White v. Stephens

Annotate this Case

300 S.C. 241 (1990)

387 S.E.2d 260

Sam B. WHITE, Molly White Welter, and Ann F. White as Executrix of the Estate of Jesse A. White, Jr., Respondents v. Corinne H. STEPHENS, Appellant.

23126

Supreme Court of South Carolina.

Submitted September 20, 1989.

Decided January 2, 1990.

*242 Charles E. Carpenter, Jr., and Frederick A. Crawford of Richardson, Plowden, Grier & Howser, Columbia, for appellant.

Joel W. Collins, Jr., and G. Wells Dickson, Jr. of Collins & *243 Lacy, Columbia, for respondents.

Submitted September 20, 1989.

Decided January 2, 1990.

TOAL, Justice:

The sole issue on appeal is whether South Carolina can exercise personal jurisdiction over Corinne Stephens ("Stephens"), a Georgia resident, in this action for breach of contract and for an accounting on an alleged constructive trust. We find that there is a lack of personal jurisdiction and, therefore, reverse.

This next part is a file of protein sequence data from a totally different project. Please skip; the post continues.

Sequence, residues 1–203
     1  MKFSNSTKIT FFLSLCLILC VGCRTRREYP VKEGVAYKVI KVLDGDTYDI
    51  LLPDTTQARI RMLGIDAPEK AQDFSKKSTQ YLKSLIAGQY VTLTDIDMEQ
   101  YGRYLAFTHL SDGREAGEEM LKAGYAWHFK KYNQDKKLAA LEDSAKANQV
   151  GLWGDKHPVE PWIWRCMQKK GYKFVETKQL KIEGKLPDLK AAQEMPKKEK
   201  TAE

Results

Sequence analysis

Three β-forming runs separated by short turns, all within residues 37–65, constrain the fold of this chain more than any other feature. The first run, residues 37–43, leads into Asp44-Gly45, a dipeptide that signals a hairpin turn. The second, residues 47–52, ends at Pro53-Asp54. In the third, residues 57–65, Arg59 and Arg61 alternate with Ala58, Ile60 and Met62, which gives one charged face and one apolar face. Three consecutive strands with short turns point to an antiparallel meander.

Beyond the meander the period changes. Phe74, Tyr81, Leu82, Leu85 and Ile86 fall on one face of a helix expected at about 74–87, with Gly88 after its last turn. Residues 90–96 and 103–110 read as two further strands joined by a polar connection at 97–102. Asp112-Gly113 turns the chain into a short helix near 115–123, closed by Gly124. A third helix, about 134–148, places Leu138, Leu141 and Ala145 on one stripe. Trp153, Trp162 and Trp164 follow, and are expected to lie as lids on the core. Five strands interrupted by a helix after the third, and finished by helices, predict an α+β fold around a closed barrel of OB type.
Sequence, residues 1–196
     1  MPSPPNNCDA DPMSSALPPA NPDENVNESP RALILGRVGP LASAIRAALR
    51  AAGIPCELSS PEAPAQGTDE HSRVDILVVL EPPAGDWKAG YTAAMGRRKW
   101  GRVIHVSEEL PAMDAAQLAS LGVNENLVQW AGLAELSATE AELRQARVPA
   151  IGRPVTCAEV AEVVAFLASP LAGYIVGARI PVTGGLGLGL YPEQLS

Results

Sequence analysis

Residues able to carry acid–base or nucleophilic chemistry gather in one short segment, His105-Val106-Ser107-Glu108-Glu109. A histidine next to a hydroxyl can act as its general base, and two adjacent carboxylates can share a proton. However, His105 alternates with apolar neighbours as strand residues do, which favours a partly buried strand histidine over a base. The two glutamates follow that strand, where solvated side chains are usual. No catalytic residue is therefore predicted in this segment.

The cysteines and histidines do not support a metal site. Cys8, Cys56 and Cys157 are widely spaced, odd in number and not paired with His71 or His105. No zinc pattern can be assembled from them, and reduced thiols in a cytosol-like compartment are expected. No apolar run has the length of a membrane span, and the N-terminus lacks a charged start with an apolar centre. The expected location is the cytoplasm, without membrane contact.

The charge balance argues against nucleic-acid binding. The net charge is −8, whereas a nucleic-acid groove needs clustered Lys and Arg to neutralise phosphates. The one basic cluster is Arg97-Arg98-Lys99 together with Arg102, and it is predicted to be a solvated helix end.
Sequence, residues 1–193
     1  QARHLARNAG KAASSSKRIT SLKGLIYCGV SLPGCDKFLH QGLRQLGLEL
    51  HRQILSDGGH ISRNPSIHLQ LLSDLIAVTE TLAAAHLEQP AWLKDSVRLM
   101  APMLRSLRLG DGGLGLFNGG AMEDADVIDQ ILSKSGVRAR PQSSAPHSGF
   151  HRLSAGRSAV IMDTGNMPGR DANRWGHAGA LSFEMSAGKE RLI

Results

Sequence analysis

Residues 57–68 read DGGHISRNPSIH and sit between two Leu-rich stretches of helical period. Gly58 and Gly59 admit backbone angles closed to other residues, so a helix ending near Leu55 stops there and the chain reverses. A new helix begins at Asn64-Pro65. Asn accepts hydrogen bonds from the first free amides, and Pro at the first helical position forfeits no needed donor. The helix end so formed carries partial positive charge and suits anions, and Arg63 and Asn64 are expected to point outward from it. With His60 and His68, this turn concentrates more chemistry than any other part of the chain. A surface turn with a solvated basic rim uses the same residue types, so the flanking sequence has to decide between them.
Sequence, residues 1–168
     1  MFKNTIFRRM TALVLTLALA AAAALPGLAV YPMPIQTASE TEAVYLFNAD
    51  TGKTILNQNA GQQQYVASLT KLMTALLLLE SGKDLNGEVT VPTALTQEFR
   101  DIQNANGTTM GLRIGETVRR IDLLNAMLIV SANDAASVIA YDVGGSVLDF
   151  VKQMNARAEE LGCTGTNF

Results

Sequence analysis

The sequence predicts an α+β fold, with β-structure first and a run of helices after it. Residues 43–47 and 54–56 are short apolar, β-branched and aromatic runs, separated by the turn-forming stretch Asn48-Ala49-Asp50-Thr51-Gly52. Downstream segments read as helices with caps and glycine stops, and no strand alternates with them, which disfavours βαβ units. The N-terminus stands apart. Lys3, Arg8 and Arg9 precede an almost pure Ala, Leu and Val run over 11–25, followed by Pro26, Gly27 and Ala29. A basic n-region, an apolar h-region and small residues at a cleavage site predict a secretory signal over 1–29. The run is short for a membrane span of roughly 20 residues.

FACTS

Corinne Stephens ("Stephens"), a Georgia resident, is the daughter of Mabel White ("Mabel") by her first marriage. The respondents (the "White children") are the children of Jesse A. White, Sr. and the stepchildren of Mabel.[1]

After the death of her first husband, Mabel married Jesse A. White, Sr., a widower. Subsequently, in 1968, Jesse deeded his residence on Lancaster Road in Chester County to Mabel. After Jesse's death, Mabel sold the Lancaster Road property and bought a smaller house on Sunset Drive in Chester. The excess proceeds from the sale of the property were voluntarily distributed by Mabel to the White children.

On September 30, 1977, while living in Chester, Mabel executed a will bequeathing the Sunset Drive property to the White children. On June 17, 1982, Mabel executed a Power of Attorney and appointed Stephens as her attorney-in-fact. The Power of Attorney was filed in the Chester County Courthouse, but was never exercised in South Carolina.